Mixed content issues arise when web sites use HTTPS to deliver their pages, but allow some of the resources to be delivered in plaintext (HTTP).
What can happen?
Mixing HTTP with HTTPS is almost as bad as not having HTTPS at all. Depending on what kind of resources are loaded in plain text (HTTP), mixed content may lead to:
- Phishing (show a fake page to the user with the intent to steal information)
- Sniffing (listening to communication between the client and server)
- Severe cache poisoning issues
Example of mixed content
A web site is encrypted over HTTPS, but fails to address HTTPS to certain resources such as:
- An image
- A stylesheet
- An AJAX callback
- (or something else)
A Man-In-The-Middle (MITM) attacker may intercept the communication between your browser and the server and change the content of any of these resources.
Say a site loads jQuery over HTTP. All the attacker has to do is to replace the body of jQuery with a script of choice, compromising the full confidentiality and integrity the SSL (HTTPS) was supposed to provide.
Note that a web browser will send cookies even when asking for just an image or a stylesheet. If that request is not encrypted, an attacker could carry out an MITM attack and steal the user’s cookie, which may lead to session hijacking (attacker logging in as the user).
Make sure everything is loaded over HTTPS. If you have a website with support for both HTTP and HTTPS, make sure to load resources using just // instead of https:// or http://.
Could be changed to:
This will make the web browser use the same protocol for loading these resources as the one used to visit the site. In other words:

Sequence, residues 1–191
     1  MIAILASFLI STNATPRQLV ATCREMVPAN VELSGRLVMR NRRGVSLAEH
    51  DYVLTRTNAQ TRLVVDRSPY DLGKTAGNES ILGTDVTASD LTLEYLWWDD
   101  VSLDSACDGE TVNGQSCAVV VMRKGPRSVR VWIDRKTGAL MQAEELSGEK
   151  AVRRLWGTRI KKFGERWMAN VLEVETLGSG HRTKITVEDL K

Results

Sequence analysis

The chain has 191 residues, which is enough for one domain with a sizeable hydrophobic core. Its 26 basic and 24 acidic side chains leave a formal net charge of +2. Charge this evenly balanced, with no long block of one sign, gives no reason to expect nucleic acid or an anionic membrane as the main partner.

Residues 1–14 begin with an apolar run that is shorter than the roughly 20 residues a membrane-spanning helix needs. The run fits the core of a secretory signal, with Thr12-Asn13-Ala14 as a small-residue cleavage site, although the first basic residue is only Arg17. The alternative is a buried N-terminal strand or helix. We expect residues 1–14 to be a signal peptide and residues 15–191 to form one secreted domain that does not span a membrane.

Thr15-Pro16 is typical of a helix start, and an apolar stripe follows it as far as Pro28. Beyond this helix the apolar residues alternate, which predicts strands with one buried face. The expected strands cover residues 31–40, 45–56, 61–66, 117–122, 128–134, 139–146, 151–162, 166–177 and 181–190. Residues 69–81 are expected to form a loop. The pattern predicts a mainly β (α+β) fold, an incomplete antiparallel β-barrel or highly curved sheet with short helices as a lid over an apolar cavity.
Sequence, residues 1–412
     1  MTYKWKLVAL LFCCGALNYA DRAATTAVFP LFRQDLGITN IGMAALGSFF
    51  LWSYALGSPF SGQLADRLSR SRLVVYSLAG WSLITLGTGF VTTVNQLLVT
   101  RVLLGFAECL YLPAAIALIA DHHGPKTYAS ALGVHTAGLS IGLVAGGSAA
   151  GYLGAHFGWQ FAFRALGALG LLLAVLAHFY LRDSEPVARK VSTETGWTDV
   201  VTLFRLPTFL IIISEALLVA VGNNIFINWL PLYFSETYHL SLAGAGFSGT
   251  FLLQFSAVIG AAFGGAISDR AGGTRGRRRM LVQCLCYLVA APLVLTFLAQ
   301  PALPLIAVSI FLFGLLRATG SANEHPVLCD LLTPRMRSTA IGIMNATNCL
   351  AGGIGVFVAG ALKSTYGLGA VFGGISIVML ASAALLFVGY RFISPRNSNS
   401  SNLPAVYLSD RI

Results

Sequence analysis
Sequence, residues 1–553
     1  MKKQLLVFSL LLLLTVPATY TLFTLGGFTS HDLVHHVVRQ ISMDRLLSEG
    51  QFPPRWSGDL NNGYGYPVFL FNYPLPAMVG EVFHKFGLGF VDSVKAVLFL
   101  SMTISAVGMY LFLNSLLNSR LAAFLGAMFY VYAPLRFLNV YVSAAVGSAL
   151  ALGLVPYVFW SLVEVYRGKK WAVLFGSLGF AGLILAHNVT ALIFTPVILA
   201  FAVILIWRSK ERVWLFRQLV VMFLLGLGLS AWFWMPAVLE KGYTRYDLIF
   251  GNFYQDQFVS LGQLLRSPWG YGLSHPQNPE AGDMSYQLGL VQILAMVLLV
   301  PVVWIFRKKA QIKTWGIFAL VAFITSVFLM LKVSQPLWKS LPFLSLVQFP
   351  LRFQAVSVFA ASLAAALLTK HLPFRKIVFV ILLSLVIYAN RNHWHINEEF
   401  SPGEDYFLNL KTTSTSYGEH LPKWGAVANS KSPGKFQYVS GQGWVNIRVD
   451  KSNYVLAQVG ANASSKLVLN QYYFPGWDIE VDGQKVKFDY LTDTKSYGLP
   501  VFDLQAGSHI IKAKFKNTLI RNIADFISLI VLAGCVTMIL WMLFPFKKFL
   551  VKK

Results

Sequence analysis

- If a user is visiting that site using HTTPS, example.js will be loaded over HTTPS.
- If a user is visiting that site using HTTP, example.js will be loaded over HTTP.
HTTP Strict Transport Security (HSTS)
You can also use HTTP Strict Transport Security (HSTS), a mechanism that enforces secure resource retrieval, even in the face of user mistakes (attempting to access your web site on port 80) and implementation errors (you or your developers place an insecure link into a secure page).
HSTS is one of the best things that happened to TLS (Transport Layer Security) recently, but it works only on host names you control, e. g. you force your domain to be completely behind SSL. Any attempt to load resources from a third party CDN (Content Delivery Network) may still pose a risk.
Content Security Policy (CSP)
To handle the third party issue, Content Security Policy (CSP) was invented. It can be used to block insecure resource retrieval from third-party websites. It also has many other useful features that address other application security issues, for example XSS (Cross Site Scripting).
As mentioned before in this article all cookies will by default be sent in all requests. Because of that sensitive cookies risk to leak if an MITMattack happens while you also visit an unencrypted page.
This can be prevented by adding the flag Secure to cookies. That way they will only be sent over https, and can therefore not be captured in an MITM attack.
Read more about how you do this in different languages here. If you have any questions, get in touch with us by emailing email@example.com.
- Mozilla - How to fix a website with blocked mixed content
- Mozilla - Mixed Content
- Wikipedia - Strict Transport Security
- OWASP - Strict Transport Security
- OWASP - Content Security Policy
- HTML5 Rocks - An Introduction to Content Security Policy